Do not try this at home

I think, I'm the only person on the planet who is BOTH a Spurs fan AND a fan of their hated rivals in North London.
As Spurs fans, I'm sure you're all wondering what kind of moron picks teams that hate each other's guts? Well, I didn't actually plan it out this way, initially I thought I might be an Eighthpool fan or even a Wolves fan.

At first all I knew was that I didn't want to be another bandwagon United/City fan. To me that's like cheering for the lights to come on when you flip the switch: why not just be a United fan and Yankee fan and be done with it? Tempting, as I live in the Upper Midwest in the Twin Cities where our college football team is so bad that the only true Gopher fans are so old they are dying off. Hockey here is much bigger and sure as a kid I followed the North Stars and we even had an NASL soccer team called the Kicks. I have a vague recollection of going to old Metropolitan Stadium and seeing the Kicks win a huge home playoff game against the giants of the league at the time, the New York Cosmos, 9-2. This was a side with Pele, Georgio Chinaglia, Franz Beckenbauer and Rick Davis. Next thing I remember, our soccer team had morphed into a franchise that moved from Fort Lauderdale, the Strikers. Not long after that they moved indoors (the MISL) and played within the tight confines of the North Stars' hockey rink boards. Then even that folded and I pretty much forgot about soccer. Sure, we got an A-League team, the Thunder (now the Stars) that has produced some MLS talent but I pretty much lost touch with the game.

Flash forward to 2010/11 with the Vikings, Twins, Timberwolves and Wild all terrible, the local sports scene looked bleak and as I was casting around for something to keep me entertained I happened to read an article about Red Sox owner John Henry buying Liverpool FC. I already had an interest in British culture and in soccer so I started following the tail end of the 10/11 Premier League season on the BBC's site. It was just the text feed but with a full slate of games on early weekend mornings I still found it interesting.

It was a huge learning curve. Preston North End? I didn't even know where Wales was. Well, now I know all that. I know who the good teams are, who gets favored by the refs, how the transfer market works etc... At the time, I only knew to give myself a chance I would follow TWO teams, the plan was to watch as a neutral and figure out what teams grabbed me and had a reasonable chance for success.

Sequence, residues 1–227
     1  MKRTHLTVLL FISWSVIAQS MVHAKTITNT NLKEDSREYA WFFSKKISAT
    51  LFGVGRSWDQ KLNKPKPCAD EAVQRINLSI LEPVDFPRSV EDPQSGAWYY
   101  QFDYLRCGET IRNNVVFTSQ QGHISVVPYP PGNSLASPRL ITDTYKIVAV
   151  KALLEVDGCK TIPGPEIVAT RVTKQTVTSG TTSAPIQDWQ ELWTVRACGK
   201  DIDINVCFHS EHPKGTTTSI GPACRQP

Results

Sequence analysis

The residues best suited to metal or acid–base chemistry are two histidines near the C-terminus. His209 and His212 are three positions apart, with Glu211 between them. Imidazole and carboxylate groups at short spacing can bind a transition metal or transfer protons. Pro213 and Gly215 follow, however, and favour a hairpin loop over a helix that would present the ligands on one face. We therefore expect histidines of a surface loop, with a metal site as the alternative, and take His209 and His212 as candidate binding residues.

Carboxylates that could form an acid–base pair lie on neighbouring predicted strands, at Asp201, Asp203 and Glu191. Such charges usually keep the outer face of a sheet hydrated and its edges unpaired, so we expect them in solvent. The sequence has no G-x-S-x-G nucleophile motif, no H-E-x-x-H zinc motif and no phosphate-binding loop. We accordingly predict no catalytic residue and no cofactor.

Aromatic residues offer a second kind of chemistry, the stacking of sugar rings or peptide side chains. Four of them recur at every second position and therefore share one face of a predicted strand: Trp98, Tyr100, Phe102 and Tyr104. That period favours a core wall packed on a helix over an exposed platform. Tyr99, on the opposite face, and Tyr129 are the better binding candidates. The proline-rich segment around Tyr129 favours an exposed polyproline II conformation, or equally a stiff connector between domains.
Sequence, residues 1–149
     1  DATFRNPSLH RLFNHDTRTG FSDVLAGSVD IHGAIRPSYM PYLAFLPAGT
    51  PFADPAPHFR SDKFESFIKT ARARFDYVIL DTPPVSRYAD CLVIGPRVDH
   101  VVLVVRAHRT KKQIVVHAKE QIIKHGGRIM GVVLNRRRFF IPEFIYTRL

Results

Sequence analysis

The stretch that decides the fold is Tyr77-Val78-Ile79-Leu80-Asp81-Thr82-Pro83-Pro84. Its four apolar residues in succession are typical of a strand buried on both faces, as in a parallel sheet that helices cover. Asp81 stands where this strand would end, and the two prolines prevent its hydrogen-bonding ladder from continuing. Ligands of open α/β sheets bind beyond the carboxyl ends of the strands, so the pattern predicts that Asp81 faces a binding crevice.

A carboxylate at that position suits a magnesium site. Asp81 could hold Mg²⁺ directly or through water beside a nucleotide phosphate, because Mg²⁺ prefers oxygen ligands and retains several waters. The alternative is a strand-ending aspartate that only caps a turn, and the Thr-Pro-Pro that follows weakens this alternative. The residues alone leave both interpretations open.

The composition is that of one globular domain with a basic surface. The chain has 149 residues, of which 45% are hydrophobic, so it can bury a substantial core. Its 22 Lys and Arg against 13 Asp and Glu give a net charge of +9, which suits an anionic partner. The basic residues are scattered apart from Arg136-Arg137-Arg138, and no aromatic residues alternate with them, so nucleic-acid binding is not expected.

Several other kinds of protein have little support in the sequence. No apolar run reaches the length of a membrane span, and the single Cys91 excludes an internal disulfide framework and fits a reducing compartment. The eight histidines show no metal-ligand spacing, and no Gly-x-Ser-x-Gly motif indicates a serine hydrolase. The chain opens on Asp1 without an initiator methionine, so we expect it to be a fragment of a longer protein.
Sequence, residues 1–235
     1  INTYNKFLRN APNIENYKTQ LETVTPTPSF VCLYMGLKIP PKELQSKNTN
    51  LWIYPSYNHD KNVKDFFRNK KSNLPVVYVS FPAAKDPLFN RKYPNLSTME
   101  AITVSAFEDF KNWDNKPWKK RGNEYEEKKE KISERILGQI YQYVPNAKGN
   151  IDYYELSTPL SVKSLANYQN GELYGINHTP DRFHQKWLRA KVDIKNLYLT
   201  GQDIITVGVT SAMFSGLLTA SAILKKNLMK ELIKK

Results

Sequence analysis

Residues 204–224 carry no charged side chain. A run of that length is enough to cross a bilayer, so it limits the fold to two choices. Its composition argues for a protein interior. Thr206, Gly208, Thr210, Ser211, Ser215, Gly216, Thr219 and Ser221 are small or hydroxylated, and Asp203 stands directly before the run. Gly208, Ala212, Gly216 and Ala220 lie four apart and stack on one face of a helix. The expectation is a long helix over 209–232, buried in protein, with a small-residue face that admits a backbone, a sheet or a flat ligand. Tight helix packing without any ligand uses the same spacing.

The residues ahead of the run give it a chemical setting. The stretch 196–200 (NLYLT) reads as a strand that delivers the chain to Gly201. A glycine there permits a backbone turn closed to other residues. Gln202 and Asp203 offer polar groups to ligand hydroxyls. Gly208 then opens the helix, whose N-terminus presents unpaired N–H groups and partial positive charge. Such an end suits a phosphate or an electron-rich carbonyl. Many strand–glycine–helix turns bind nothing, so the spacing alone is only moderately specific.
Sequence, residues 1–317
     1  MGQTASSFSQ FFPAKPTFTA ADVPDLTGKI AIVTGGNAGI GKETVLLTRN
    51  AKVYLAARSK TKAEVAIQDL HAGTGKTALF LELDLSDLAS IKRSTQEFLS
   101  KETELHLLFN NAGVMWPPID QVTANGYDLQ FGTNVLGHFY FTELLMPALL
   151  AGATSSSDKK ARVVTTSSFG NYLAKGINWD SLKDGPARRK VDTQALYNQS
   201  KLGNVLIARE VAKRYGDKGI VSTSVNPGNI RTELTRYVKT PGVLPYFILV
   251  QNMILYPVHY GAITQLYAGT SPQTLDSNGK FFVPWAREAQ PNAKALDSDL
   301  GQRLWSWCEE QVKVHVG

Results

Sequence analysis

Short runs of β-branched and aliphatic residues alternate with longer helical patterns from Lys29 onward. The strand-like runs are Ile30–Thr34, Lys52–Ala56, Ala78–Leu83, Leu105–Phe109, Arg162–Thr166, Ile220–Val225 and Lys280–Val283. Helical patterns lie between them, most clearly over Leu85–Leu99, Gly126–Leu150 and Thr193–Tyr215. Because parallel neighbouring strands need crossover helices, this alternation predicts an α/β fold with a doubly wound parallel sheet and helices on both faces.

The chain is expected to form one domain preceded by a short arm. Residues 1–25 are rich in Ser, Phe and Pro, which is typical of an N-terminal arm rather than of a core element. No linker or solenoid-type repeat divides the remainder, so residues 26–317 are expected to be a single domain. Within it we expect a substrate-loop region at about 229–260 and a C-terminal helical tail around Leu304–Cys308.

Well, as you can probably guess by now I picked two London teams: Spurs and Arsenal. My Spur's interest is chiefly, no ENTIRELY, because of Gareth Bale. I had started to follow some podcasts and read everything I could about the EPL and I kept hearing good things about Bale so I went on youtube and watched some vids of him rocketing in free kicks at Southampton and embarassing Inter-Milan defenders. At the same time I was developing an interest in Arsenal. They seemed to be a pretty big team with a winning history that maybe could challenge the Manchester clubs and quite a bit of coverage so that I could follow them from across the pond.

Teams I thought I might initially be interested in, Liverpool (because I knew John Henry was investing a lot of money in players and had been good in the past) and Wolverhampton, (because ex-Led Zeppelin singer Robert Plant had been a longtime fan) faded (I still like Mick McCarthy though) while my Arsenal fandom was fueled by reading a book called "Fever Pitch". Before I knew it, I was searching for a way to watch games. I found out with streams I had access to tons of games, but my first EPL match was on Fox after an NFL game, an AVB-coached Chelsea vs United.

I thought soccer would be boring but it wasn't. By the time the next season had rolled around I had a pretty good grasp of the game of "football". I understood the cups, the way the leagues worked and why teams like Blackpool and West Ham had been replaced by Swansea and Norwich. Finally I was watching actual games. Mostly Arsenal at first but then I started watching Tottenham to check out this Bale kid. Well right away I noticed what kind of teams I liked: entertaining, high scoring, technically proficient (and apparently poor defense). This was Arsenal and Tottenham. I started noticing how good Tottenham's other midfielders were. Brad Friedel? I vaguely remembered him being a US national keeper. He's on Spurs? And how could you not like Benny just cuz of his hair? And Harry was a character and had his team playing well... BAM! Just like that I was a Spurs fan. Then came the North London Derby and who was I supposed to root for? I tried to watch it from 30,000 feet as a neutral but I noticed I much preferred the atmosphere at White Hart Lane to the quiet, new Emirates. After that match it was smooth sailing for awhile, I thought it might just be possible to pull off this skitzoid/bipolar balancing act for the rest of the season until the race tightened up and I realized I had to root AGAINST one club to pull FOR the other! By the time the second North London Derby rolled around it was a hugely pivotal match. I must admit I was rooting for Arsenal but only because if the Gunners had lost I think Wenger would have lost his job.

This offseason I thought, I have to get off this roller coaster, but how? I thought Weezus might even leave and maybe I could jump ship. But I was honestly relieved when he re-signed with Spurs, so here I am again in my Bale jersey (I don't own an Arsenal one) roped in for another harrowing season. No matter which half of North London you support, I think we can all agree on one thing. Chelsea sucks! COYS

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